Inforg

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An inforg is an informationally embodied organism, entity made up of information, that exists in the infosphere. These informationally embodied organisms are also called natural agents.

Description[edit]

Inforgs was used by Luciano Floridi to describe what makes up an infosphere.[1] The usage of the word describes organisms that are made up of information rather than "standalone and unique entities". This description of inforgs allows them to exist in the infosphere as natural agents alongside artificial agents. Inforgs can be part of a hybrid agent that is, for example, a family with digital devices such as digital cameras, cell phones, tablets, and laptops.

Norbert Wiener describes organisms as entities defined by patterns of persisting Shannon information.[2] Shannon information, named after Claude Shannon, places information in the physical realm allowing it to be manipulated by the laws of nature and science. Thus, inforgs are composed of matter, energy, and Shannon information. An experiment that supports inforgs and the component of Shannon information is the use of DNA as a medium for data storage.[3] Encoding DNA, which is considered to be the building blocks of organisms, to hold binary information reinforces the idea that living organisms are "persisting patterns of Shannon information encoded within an ever-changing flux of matter-energy".[4]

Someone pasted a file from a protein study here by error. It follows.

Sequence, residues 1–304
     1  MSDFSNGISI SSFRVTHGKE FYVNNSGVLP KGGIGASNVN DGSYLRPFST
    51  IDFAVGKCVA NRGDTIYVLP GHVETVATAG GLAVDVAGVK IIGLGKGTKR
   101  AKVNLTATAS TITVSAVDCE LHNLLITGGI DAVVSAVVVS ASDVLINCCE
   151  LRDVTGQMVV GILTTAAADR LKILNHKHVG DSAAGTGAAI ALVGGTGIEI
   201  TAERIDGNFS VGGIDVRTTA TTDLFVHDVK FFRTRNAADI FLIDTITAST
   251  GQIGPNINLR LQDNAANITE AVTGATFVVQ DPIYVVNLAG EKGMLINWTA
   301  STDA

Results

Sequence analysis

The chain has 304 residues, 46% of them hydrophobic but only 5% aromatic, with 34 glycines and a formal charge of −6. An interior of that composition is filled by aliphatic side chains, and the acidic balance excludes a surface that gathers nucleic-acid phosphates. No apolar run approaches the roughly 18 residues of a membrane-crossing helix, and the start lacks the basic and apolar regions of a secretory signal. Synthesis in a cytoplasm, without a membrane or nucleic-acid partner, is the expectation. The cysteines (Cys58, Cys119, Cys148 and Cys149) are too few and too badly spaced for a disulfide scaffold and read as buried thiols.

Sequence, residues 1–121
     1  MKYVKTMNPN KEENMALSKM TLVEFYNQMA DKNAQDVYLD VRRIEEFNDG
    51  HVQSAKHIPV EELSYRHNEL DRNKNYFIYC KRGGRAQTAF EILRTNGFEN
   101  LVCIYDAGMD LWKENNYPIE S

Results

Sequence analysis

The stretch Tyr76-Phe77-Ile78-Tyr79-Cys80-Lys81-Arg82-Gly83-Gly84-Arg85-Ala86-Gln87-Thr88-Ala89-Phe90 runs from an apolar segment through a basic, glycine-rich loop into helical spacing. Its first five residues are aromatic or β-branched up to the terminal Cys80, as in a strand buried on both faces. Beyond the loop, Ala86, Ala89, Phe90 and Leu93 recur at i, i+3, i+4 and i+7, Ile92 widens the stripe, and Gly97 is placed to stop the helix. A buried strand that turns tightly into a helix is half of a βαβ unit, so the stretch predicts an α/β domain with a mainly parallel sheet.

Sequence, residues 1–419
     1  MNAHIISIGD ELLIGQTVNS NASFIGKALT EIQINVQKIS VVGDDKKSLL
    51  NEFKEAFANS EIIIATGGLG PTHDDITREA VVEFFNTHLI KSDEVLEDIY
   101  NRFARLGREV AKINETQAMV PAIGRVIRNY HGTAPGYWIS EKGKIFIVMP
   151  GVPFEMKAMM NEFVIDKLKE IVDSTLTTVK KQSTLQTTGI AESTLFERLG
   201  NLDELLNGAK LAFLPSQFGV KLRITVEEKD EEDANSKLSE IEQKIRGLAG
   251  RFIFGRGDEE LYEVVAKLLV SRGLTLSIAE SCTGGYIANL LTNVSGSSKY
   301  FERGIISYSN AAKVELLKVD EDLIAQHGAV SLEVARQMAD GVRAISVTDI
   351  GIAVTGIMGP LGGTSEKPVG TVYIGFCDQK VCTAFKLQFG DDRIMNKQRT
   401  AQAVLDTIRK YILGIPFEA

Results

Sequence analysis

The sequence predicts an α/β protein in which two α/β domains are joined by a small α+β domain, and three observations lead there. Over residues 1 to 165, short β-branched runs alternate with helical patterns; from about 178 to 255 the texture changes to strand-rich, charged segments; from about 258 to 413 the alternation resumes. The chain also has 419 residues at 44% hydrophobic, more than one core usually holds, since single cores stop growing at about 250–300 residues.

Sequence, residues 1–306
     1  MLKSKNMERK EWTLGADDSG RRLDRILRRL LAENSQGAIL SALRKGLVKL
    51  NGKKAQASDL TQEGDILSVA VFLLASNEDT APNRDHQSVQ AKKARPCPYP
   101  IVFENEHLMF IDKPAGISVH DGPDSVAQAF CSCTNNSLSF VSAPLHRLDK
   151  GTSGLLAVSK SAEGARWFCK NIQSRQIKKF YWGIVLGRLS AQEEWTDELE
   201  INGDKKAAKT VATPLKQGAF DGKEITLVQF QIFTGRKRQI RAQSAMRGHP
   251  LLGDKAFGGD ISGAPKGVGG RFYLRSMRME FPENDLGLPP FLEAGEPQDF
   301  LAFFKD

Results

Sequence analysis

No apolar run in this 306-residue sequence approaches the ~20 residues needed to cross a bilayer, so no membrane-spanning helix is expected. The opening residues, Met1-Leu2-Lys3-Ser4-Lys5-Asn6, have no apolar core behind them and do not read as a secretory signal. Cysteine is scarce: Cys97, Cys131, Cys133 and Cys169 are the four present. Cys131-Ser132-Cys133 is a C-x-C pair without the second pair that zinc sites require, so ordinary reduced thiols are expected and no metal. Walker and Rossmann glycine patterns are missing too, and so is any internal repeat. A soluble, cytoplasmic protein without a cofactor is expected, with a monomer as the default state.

The Shannon information that is found within an inforg also contains the identity of said organism. For example, A human being's identity is not matter or energy but rather encoded by patterns of Shannon information within his/her body.[5] While a person's body may change over time, his/her identity persists through time. The manipulation of Shannon information in an inforg is under what is called the metaphysical realm.

See also[edit]

References[edit]

  1. ^ Luciano Floridi (1999), Philosophy and Computing: An introduction
  2. ^ Norbert Wiener (1948), Cybernetics: Or, Control and Communication in the Animal and the Machine
  3. ^ Weintraub, Karen (23 January 2013). "The newest data-storage device? DNA". USA Today. Retrieved 12 March 2013.
  4. ^ Terrel Ward Bynum (2010), "The historical roots of information and computer ethics", The Cambridge Handbook of Information and Computer Ethics, p. 24
  5. ^ Terrel Ward Bynum (2010), "The historical roots of information and computer ethics", The Cambridge Handbook of Information and Computer Ethics, p. 25